Questions for *You*.
October 19, 2014
Just recently I had the incredible honour of presenting at the International Women’s Liberation Summit. It was an enthralling few days, hearing stories from such a rich pool of experience – not all nice, of course, but profoundly unifying.
The biggest issue I explored was the predictable and pedestrian narrative being spewed forth – one that has not deviated much, in essence, since the ’50s [Man = strong, brains, breadwinner, leader; Woman = weak, multi-tasker, housewife, follower] by the media and advertising at a ground-zero level; mainly through the common TV, the medium of choice, consumed by the masses.
My presentation – and my actual main concern with us human beings – addressed the way in which we perceive ourselves and categorise each other into labels; ever-restricting ones. I believe our obsession with labelling, will be our eventual undoing as a species.
It’s permeated every crevice from sex + gender through to race + religious beliefs; from what needs to be ‘tested’ in school to determine a student’s worth (label at the ready) through to perceptions of who a person is just from what job they have, where they live, clothes they wear, what they earn etc – all of which we know is ludicrous and non-sensical but something we sadly participate in (and consume), nonetheless.
The worst labelling by far, is sex; the label that hurts women and girls the most. It hurts us all, actually. We mustn’t forget the boys – because as easy (and true) as it is to say that males commit the most crimes, we must ask ourselves – how did they become the ‘monsters’ we keep reporting they are?
They were taught – just like girls are taught.
As the battle rages over what exactly a woman or man is, our media manages to showcase very strict guidelines as to how men and women are to be represented and perceived – this is the very labelling I want to debunk with our youth. They are our hope of change.
So I started a business to channel my activism toward them.
About three weeks before the Wicked Campers campaign in July, my business was born – to present workshops about media literacy, how we relate to each other as human beings, resilience, consumption and more.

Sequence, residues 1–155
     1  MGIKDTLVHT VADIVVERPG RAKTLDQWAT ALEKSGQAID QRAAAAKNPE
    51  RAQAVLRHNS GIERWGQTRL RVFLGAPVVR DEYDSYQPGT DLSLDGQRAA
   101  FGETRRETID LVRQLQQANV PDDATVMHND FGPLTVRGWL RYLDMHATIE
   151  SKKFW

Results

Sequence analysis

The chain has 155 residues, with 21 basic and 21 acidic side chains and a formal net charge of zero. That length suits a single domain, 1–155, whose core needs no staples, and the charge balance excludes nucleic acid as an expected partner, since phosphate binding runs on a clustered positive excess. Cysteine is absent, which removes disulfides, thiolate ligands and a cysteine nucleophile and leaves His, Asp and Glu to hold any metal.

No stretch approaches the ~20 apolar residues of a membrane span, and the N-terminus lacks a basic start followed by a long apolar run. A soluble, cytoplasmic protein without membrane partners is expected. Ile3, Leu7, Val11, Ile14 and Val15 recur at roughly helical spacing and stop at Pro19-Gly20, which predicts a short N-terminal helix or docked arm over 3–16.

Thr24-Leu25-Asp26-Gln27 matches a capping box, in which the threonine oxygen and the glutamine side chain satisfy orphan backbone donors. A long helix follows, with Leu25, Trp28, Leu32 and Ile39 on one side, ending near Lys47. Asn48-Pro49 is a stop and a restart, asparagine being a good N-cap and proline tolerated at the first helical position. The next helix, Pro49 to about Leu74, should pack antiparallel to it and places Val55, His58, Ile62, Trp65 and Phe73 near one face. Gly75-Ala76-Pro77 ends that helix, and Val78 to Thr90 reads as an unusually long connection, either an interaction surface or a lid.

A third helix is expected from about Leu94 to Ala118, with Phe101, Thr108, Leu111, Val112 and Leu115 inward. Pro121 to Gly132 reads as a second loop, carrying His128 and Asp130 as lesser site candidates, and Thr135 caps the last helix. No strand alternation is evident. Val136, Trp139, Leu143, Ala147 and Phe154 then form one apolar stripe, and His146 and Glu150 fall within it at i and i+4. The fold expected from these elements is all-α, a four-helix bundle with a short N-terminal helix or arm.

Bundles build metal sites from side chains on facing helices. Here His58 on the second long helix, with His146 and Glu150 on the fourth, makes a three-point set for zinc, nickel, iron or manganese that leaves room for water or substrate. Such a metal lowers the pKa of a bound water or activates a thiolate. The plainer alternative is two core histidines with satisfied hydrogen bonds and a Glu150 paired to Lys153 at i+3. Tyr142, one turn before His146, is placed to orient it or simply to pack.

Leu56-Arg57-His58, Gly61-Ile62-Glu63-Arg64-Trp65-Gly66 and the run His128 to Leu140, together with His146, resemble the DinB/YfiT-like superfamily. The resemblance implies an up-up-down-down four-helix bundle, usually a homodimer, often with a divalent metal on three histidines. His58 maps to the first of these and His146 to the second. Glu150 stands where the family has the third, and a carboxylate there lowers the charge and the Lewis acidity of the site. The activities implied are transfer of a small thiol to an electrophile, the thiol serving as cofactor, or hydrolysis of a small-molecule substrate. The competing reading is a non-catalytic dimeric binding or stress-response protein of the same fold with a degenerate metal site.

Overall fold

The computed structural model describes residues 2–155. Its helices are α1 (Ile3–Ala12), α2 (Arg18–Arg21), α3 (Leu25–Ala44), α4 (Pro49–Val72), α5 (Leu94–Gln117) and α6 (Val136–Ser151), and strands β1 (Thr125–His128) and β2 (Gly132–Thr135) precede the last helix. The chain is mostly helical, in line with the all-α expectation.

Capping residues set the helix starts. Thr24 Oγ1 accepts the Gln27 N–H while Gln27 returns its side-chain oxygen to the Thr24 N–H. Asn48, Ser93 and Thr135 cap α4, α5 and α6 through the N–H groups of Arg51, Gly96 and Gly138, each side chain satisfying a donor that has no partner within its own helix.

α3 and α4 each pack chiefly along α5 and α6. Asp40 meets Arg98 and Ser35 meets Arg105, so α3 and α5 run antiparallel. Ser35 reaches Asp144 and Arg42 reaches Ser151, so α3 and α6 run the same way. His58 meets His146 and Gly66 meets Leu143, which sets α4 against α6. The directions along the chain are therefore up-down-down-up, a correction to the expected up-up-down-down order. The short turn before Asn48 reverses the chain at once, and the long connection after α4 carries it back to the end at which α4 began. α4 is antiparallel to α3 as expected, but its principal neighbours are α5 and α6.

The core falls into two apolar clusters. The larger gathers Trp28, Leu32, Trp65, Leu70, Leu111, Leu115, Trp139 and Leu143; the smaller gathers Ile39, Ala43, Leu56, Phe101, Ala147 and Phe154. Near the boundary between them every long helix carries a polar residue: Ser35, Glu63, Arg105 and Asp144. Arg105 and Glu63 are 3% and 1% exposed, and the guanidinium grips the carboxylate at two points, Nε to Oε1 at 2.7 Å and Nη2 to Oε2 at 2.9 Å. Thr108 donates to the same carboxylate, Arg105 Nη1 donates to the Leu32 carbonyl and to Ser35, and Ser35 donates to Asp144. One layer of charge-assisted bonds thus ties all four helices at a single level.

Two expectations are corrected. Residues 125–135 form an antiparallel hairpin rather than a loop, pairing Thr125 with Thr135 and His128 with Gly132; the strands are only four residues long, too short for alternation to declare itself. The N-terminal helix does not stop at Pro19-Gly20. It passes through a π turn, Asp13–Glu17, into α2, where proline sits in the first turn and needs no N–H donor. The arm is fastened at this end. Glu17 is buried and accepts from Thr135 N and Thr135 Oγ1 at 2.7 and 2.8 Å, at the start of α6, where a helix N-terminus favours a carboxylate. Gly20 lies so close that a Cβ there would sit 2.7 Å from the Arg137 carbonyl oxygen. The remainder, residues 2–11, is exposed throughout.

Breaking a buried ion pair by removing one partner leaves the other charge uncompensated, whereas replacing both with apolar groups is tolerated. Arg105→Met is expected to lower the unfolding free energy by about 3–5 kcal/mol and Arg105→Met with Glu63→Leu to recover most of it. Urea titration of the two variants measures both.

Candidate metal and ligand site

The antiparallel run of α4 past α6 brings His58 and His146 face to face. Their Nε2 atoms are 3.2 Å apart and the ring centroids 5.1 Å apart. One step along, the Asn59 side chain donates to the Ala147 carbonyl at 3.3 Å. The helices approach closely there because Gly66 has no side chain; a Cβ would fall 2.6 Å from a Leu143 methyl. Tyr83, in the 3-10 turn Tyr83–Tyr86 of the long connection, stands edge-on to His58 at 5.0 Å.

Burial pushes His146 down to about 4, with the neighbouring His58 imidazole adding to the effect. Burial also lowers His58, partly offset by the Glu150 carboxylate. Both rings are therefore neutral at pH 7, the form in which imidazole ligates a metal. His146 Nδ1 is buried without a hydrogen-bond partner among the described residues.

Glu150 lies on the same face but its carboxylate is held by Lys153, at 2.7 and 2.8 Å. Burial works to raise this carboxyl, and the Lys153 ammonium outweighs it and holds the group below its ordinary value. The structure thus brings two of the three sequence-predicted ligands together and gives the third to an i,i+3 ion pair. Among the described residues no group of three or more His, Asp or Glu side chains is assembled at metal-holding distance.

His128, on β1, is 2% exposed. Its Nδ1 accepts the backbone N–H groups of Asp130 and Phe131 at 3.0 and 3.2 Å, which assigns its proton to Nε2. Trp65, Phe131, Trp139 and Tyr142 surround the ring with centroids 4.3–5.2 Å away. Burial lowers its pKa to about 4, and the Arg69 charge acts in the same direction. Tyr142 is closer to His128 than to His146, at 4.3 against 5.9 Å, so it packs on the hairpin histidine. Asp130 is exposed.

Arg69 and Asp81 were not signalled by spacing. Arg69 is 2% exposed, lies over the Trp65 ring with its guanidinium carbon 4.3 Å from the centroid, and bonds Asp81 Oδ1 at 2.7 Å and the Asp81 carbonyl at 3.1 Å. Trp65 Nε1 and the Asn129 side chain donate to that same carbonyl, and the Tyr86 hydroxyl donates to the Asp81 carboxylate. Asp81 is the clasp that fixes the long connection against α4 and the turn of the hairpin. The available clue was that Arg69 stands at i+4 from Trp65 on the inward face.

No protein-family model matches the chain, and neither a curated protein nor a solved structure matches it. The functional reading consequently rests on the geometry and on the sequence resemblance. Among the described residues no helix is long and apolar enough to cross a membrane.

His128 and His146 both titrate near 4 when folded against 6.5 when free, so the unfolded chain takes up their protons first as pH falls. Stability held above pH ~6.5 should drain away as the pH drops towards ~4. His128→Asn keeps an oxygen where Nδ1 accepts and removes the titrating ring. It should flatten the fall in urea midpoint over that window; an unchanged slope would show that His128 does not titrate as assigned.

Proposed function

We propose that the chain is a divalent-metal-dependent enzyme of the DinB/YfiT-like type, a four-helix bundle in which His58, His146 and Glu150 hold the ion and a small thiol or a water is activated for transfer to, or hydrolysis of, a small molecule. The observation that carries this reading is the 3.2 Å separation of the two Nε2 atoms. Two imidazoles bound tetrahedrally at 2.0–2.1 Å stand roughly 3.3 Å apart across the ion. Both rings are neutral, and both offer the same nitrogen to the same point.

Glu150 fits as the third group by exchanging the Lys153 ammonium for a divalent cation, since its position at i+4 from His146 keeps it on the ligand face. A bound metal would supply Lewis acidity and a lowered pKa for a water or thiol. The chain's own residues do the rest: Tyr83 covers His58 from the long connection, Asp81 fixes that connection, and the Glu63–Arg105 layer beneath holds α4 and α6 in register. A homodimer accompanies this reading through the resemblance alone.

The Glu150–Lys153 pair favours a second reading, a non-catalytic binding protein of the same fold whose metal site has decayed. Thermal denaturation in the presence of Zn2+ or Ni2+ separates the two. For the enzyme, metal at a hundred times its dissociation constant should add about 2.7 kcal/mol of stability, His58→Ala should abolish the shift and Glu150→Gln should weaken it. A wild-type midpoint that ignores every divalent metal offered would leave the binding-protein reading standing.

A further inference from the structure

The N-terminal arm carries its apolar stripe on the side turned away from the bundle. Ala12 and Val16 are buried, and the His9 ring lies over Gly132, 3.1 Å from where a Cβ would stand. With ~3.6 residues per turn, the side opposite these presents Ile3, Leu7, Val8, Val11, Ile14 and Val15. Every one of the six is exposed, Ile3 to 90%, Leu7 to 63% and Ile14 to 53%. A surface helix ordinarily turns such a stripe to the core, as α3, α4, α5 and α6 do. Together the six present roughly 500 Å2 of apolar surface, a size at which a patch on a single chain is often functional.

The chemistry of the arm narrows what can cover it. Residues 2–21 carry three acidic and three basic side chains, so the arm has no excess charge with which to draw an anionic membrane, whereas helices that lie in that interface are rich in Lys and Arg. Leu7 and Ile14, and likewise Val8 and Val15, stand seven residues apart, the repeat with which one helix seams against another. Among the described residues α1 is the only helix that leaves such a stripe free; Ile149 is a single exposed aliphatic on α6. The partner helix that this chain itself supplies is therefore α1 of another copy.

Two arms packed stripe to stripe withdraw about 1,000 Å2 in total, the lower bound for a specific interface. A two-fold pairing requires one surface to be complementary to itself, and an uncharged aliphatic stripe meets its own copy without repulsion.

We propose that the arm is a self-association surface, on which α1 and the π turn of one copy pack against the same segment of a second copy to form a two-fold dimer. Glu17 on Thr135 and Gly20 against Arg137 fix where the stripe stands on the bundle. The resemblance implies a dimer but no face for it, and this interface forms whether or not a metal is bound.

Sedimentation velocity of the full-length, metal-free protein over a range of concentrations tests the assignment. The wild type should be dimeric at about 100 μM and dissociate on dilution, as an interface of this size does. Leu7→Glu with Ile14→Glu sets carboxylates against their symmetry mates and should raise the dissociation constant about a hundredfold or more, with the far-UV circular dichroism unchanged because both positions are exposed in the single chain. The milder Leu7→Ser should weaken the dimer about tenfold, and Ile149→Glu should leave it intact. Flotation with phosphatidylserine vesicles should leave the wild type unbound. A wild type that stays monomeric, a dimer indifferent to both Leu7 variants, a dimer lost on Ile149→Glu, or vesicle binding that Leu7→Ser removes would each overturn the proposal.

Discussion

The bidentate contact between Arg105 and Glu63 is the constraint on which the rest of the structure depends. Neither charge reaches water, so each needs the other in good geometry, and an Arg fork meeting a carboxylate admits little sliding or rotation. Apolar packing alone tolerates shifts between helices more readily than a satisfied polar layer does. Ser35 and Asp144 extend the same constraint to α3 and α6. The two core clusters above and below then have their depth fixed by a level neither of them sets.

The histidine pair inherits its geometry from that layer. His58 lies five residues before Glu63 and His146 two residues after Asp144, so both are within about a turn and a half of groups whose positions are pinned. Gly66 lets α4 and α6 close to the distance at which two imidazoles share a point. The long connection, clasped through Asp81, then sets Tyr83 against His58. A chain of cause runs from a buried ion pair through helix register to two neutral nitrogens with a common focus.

I’ve called the business Questions for You, as the questions will be the springboard toward healthy discussion – using critical thinking.
The central theme – and what I titled my presentation at the Summit – is:
The standard we walk past, is the standard we accept.
I’ll tell you why our young ones are the answer. Recently, I had the privilege of seeing a volume of work, created by students, using film to tell a story. It was such an enlightening experience. I loved it. Some narratives blew me away and others reinforced stereotypes. The point is, however, that I saw a balance. And the incredible part is that I had no idea what sex had created what piece. Logic tells me that I saw sophisticated pieces equally from both males and females; all telling unique stories. This needs to be preserved and nurtured.
Turn to the TV and movie narratives, however, and we see something formulaic and banal. Our youth have the capacity to see beyond this but some need a guiding hand in helping them open their eyes to the ‘product’ they’re being sold – mainly what they’re being taught about each other and ‘how it is’. This sort of language will also be explored in workshops, as well as a lot of the clichés that keep humans bound to restricted perspectives; dealing equally with boys and girls.
Question #211: Does this sound like a program your school, child’s school, business or parents may benefit from?
My website: questionsforyou.com.au is ready for your perusal. Please peruse.
Action speaks louder than words, and this has never been more apparent for me. After 20 years of teaching, I feel a deep connection with our budding youth and have never felt more driven to do something, as I do with this.
I hope you’ll join me in this quest.
Deep, positive breath.
PS: Below is the back of my business card, which was designed by my dear friend Katy Donoghue of Giddy Up Graphics (I’ve known her since we were 7 years old). She rocked it. I do love it so. x